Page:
When Jesus’ disciples asked Him, “Who is the greatest in the kingdom of heaven?” our Lord answered, "Unless you turn and become like children, you will never enter the kingdom of heaven."(Matt 18:3). It’s a clear message that aiming for greatness and prestige is not going to help us when it comes to the Kingdom of Heaven. He redirected the disciples to aim low – to the level of a child. But in exactly what way are we to become like children? As I want to enter the kingdom and you probably do too, we’d better get this right! What, could He mean?
Little children are small and cute. The theory of many a parent is that God made them cute so we'll take care of them and help them continue to live – especially when doing so might not otherwise seem worth it, like when they take all your stuff and don’t let you get a good night’s sleep for three years. But, clearly, that's not what Jesus meant, because grown-ups trying to be cute have the opposite effect. So, we'd best look for other features and behaviors of little children that we are to emulate in order to enter the kingdom!
What do children do? Babies spend a lot of time - all their time - eating, filling diapers, learning and sleeping. Mostly sleeping. Nice life, but surely He didn't mean that we should limit ourselves to those activities either. It doesn’t jive with the whole rest of the Gospel message.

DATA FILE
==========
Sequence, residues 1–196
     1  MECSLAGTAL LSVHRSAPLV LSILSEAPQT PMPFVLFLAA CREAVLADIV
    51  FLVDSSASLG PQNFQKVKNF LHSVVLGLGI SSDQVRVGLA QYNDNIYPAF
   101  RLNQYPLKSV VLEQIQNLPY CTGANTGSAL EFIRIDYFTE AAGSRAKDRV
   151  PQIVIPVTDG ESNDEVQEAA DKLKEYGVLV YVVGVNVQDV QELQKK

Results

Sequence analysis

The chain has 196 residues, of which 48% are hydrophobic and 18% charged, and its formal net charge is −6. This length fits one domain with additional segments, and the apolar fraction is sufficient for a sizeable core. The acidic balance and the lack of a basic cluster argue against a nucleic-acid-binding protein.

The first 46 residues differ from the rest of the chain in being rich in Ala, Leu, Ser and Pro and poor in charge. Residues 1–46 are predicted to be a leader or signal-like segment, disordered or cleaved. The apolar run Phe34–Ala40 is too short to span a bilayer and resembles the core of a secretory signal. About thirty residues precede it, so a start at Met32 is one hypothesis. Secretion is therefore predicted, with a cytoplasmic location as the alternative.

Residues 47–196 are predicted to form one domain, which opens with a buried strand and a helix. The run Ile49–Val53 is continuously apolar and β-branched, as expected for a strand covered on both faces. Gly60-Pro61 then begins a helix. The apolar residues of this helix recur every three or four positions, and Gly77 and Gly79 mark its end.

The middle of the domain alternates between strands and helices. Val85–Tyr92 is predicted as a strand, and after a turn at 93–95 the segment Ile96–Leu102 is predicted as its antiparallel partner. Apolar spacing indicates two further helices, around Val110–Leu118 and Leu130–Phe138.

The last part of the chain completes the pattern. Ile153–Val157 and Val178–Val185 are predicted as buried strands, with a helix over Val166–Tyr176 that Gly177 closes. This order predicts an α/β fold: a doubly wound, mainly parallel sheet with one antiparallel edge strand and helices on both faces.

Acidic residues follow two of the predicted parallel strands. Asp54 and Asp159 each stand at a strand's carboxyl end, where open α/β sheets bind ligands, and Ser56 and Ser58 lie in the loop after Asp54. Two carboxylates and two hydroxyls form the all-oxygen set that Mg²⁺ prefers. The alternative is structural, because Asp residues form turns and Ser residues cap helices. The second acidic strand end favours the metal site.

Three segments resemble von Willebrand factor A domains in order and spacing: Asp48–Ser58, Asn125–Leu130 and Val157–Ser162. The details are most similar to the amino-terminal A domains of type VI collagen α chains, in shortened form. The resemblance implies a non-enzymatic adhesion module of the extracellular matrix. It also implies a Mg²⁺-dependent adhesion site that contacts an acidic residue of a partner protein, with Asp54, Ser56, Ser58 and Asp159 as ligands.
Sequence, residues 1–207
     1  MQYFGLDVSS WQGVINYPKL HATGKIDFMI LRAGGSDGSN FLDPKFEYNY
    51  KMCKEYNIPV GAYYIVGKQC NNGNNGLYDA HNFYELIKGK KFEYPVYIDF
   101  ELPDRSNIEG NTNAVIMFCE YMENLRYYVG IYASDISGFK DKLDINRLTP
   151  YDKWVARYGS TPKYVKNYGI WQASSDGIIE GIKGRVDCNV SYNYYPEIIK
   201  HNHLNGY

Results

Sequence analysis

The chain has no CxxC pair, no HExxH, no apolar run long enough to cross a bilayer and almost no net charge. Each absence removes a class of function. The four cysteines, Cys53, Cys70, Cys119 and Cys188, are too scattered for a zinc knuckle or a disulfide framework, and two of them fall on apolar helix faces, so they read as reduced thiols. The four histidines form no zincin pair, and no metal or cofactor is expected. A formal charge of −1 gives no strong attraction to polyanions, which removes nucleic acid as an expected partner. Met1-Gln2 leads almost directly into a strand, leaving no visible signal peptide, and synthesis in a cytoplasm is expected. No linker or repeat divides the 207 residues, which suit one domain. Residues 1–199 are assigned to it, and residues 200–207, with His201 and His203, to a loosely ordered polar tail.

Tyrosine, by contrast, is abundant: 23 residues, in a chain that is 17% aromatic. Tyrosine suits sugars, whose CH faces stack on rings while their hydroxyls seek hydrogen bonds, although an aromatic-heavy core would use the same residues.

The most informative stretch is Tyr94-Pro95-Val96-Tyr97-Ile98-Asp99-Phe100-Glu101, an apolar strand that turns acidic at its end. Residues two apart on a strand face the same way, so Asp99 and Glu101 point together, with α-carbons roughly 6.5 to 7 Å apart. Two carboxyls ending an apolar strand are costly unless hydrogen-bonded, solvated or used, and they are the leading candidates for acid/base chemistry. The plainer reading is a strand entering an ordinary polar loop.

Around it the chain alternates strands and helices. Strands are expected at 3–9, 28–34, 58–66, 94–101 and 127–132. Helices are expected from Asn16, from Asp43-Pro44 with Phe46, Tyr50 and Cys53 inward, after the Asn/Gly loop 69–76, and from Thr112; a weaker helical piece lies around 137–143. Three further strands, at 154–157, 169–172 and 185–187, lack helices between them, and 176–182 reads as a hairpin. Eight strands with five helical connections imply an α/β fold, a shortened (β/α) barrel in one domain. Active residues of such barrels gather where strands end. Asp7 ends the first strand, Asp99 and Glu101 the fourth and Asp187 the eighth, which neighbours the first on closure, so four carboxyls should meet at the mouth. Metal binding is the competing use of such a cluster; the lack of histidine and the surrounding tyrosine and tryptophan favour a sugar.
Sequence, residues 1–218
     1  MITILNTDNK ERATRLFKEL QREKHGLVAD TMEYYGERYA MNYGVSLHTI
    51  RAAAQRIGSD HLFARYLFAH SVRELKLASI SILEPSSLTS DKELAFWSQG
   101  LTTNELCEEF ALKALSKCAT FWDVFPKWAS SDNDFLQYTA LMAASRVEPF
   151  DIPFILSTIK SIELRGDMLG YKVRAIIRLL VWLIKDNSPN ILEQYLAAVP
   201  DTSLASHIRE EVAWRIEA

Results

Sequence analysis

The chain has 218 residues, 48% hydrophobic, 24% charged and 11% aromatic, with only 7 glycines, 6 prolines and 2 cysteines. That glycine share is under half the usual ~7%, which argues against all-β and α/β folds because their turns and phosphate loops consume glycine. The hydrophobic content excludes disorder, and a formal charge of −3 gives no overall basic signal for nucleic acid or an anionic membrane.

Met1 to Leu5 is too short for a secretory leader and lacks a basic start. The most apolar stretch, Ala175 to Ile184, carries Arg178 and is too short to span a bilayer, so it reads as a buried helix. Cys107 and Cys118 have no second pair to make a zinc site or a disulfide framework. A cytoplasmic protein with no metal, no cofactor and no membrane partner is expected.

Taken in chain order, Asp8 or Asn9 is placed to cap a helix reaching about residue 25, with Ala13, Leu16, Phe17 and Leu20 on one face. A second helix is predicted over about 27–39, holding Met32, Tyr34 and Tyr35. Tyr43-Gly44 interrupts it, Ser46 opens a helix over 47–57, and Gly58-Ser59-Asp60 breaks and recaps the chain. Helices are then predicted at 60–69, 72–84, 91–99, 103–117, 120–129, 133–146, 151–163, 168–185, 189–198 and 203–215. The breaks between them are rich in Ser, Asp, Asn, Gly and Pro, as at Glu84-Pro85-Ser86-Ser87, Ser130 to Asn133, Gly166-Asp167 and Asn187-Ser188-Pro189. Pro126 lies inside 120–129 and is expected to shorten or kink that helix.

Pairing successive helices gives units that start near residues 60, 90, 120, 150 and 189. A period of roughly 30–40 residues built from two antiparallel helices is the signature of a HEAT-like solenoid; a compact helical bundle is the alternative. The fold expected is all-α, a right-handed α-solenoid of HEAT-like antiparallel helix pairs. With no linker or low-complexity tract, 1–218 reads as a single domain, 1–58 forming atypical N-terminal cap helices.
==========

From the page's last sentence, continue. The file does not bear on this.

Perhaps you have heard someone wax lyrical about the difference between childishness and child-likeness. G.K. Chesterton points out that children are filled with wonder and see God's creation with a sense of magic. This is surely true in some sense, but as Chesterton did not have any actual children, it often strikes parents of these lovable tyrants as a bit of a romantic view.
I only have two children, but you only need to live with one from its infancy to dispel the notion that they float trough their days awed by the wonder of creation, in a ray of golden sunlight, emitting the lilting laughter of delight when the sun comes up on another day, or when they encounter a beautiful flower. More likely they'll pull the flower apart and attempt to eat it.
|Photo of an actual baby, courtesy of her mother,|
my friend Jenni Callahan